After a trial on the merits, the district judge entered findings of fact and conclusions of law and rendered judgment in conformity therewith awarding plaintiffs damages in the sum of $5,816.85, together with interest, attorneys' fees and costs, and denying recovery on the Government's claim against the third-party defendant. This appeal followed.
Appellant's principal contention is that there was insufficient evidence to support the trial court's findings that the injury to the minor was reasonably foreseeable. In support thereof it cites numerous cases, such as Meagher v. Hirt, 232 Minn. 336, 45 N.W.2d 563; Bergman v. Feitelowitz, 278 N.Y. 620, 16 N.E.2d 127; and Pippin v. J. Regenstein Co., 58 Ga.App. 819, 199 S.E. 790, in which courts have refused to impose liability upon the ground that the misuse of an object which is not inherently dangerous is not reasonably foreseeable.
We take it to be fundamental that each case of this type rests on its own facts and circumstances, Banker v. McLaughlin, 146 Tex. 434, 208 S.W.2d 843, 8 A.L.R.2d 1231. As we understand the Texas law, appellant is to be held liable if it is proved: (1) that the injured child was too young to understand and avoid the danger; (2) that there was reason to anticipate the presence of children, because the offending instrumentality was in a place where children had a right to be, and that children would be attracted by it; (3) that a strong likelihood of accident was, or should have, with reasonable care, been foreseen; and (4) that there was a failure to use ordinary care to make it safe for a child. See Banker v. McLaughlin, supra; Quisenberry v. Gulf Production Co., Tex.Civ.App., 63 S.W.2d 248; Charles v. El Paso Electric Ry. Co., Tex. Com.App., 254 S.W. 1094.
In the instant case each of these conditions was satisfied: First, the child was five years of age and whether he was too young to understand the danger presented a question of fact.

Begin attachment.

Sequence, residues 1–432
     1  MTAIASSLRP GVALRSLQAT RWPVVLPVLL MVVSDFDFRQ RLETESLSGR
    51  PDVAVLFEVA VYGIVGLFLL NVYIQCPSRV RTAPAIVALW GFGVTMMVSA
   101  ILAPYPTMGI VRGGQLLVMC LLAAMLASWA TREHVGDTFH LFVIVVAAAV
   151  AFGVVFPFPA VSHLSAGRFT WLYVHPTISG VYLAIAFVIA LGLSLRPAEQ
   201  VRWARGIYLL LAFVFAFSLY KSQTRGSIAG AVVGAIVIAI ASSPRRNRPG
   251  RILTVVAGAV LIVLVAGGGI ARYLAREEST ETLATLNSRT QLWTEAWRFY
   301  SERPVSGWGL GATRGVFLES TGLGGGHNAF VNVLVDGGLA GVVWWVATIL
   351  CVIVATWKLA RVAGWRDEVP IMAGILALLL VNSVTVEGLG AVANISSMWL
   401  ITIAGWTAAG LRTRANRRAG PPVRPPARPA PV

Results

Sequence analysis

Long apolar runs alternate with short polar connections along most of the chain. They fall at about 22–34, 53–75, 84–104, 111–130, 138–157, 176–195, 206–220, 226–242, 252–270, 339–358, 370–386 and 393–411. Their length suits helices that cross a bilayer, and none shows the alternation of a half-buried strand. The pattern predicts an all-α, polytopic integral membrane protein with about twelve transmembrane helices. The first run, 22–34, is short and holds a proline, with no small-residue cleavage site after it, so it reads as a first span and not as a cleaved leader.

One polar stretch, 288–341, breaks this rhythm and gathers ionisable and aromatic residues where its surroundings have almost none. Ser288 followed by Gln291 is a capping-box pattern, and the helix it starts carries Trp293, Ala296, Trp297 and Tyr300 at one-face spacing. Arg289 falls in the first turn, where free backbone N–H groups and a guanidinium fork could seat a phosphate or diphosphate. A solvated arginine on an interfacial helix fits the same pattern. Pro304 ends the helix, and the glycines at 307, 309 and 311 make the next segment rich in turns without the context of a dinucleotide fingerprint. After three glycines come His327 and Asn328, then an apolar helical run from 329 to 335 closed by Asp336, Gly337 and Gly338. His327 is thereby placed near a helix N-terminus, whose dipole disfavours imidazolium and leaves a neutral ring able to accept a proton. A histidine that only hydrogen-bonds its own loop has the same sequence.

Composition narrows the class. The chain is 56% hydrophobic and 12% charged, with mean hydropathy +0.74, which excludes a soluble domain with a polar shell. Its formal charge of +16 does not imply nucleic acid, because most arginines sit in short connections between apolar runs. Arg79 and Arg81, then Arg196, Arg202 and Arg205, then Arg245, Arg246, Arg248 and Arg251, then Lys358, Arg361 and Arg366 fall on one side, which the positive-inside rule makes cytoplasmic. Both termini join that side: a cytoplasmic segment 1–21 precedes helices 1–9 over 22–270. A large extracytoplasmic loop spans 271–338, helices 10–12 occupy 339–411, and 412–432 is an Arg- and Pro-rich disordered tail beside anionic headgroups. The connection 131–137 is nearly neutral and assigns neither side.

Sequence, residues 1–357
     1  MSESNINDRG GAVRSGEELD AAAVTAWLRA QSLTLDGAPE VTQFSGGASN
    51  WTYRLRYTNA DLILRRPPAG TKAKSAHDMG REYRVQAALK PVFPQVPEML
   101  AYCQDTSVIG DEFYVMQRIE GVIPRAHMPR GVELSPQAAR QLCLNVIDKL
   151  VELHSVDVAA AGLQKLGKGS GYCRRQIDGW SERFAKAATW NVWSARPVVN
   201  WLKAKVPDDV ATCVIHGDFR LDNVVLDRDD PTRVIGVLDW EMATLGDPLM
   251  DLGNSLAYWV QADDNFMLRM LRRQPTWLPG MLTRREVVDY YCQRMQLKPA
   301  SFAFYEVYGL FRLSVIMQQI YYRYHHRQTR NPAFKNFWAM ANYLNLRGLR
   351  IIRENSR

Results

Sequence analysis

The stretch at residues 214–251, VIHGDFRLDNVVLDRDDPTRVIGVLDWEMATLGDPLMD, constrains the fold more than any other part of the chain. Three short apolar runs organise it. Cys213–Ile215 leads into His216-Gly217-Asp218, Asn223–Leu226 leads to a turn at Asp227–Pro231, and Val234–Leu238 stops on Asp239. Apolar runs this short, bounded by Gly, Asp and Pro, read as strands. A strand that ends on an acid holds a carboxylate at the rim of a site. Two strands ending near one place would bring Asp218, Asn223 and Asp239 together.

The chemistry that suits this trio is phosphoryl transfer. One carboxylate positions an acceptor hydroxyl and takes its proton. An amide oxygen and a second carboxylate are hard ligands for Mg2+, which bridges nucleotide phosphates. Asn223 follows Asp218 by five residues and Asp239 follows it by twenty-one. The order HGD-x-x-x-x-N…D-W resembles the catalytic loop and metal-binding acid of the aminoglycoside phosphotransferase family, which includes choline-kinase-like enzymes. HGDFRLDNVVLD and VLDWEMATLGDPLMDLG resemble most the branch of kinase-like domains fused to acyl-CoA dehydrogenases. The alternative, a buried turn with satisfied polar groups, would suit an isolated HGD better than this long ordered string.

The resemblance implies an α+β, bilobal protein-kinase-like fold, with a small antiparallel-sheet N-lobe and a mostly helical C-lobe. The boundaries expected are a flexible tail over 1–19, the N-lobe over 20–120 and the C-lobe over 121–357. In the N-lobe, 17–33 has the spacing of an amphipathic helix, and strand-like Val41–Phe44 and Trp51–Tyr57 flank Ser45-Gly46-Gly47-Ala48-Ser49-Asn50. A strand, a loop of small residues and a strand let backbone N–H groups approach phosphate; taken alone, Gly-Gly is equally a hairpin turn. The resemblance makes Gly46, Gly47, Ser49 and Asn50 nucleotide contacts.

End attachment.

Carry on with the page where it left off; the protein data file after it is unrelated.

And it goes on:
Second, the appellant had reason to anticipate the presence of children. The danger was near a residential section and in a public area where children had a perfect right to be. Charles v. El Paso Electric Ry. Co., supra. Under these circumstances appellant was obliged to exercise ordinary care for their safety and should have realized that a mailbox with a protruding spout, when placed so temptingly in their way, might prove attractive to children five years of age. Id., at page 1095. As was stated in Quisenberry v. Gulf Production Co., supra [63 S.W.2d 250], it was not necessary that it be shown to be "painted in gaudy colors that would attract a savage," but rather that it makes an appeal to a child's natural inclination to handle or play with it.
Third, there was a strong likelihood of the accident. The evidence does not reveal the weight of the mailbox, but the fact that it was so balanced as to topple over by the weight of a small child discloses a strong likelihood of accident when it is considered that such a child would be likely to attempt to grab and look into the spout "to see where the letters went."
Finally, it was a fact question as to whether a reasonably prudent person would have fastened the mailbox to the ground or otherwise weighted it down so as to prevent its tipping over. The trial judge as the finder of fact resolved each of these questions against appellant and we cannot on this record say that his findings were clearly erroneous. Rule 52, Federal Rules of Civil Procedure, 28 U.S.C.
In the light of the foregoing there remains for our consideration appellant's contention that it is entitled to indemnity from the City of Beaumont. While it is true that the Government may, under certain appropriate circumstances, be entitled to indemnity when it has been held liable in tort, these circumstances are not presented here, for this case is not one wherein a wrongful act of the City resulted in liability being imposed upon the Government. Appellant vigorously contends that the trial court erred in holding that the ordinance was not applicable because the mailbox was not located on a "sidewalk" within the meaning of the ordinance. Conceding, as appellant would have us do, that the trial judge was in error in finding: (1) that the mailbox was not on the "sidewalk", and (2) that appellant was negligent in relying upon advice by city officials that mailboxes could not be permanently affixed without violating the ordinance, we fail to see in what manner appellant's cause would be benefitted. For the trial court, in addition to these findings, also found as a fact that appellant was negligent in failing to weight the mailbox down so as to prevent its tipping over. Appellant does not challenge this finding, and there is not a scintilla of evidence in this record which purports to show that its failure to weight the mailbox down was in any manner attributable to the City.
It follows that the judgment was right and it is affirmed.